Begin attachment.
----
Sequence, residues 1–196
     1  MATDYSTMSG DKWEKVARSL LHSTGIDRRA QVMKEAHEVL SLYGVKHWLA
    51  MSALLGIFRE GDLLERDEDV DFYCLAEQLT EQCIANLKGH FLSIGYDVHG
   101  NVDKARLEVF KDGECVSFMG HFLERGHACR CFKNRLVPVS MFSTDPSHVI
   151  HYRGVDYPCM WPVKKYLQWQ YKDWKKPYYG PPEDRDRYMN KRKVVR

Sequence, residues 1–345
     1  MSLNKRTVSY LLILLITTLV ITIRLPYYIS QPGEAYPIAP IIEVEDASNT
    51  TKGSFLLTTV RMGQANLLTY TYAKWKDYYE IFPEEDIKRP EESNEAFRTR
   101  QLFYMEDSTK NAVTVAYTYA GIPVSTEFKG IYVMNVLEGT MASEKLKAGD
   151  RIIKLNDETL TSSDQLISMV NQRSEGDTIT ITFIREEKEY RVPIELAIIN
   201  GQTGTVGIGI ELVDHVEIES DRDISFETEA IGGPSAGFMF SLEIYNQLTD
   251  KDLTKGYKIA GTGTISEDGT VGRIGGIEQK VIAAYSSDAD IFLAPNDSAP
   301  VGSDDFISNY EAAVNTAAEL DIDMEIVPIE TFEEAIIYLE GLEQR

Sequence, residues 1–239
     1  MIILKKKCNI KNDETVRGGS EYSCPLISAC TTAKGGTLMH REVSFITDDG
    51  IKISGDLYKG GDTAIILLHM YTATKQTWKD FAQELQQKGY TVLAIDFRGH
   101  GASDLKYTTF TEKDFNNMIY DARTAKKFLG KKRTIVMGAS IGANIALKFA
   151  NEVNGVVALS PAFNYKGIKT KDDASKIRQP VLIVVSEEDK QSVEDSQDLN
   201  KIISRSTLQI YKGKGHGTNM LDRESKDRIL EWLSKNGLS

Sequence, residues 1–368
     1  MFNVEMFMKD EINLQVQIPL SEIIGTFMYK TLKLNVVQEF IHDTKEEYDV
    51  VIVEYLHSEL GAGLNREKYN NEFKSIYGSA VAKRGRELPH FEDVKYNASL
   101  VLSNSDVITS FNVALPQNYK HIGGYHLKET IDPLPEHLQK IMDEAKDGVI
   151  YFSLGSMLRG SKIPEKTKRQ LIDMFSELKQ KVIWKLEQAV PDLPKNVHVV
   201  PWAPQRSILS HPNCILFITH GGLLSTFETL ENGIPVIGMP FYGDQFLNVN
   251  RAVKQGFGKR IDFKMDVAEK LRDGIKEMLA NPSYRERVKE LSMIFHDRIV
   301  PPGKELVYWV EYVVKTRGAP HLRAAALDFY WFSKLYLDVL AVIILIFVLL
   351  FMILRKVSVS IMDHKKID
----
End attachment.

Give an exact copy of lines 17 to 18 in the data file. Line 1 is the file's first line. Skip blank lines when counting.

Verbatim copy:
   101  GASDLKYTTF TEKDFNNMIY DARTAKKFLG KKRTIVMGAS IGANIALKFA
   151  NEVNGVVALS PAFNYKGIKT KDDASKIRQP VLIVVSEEDK QSVEDSQDLN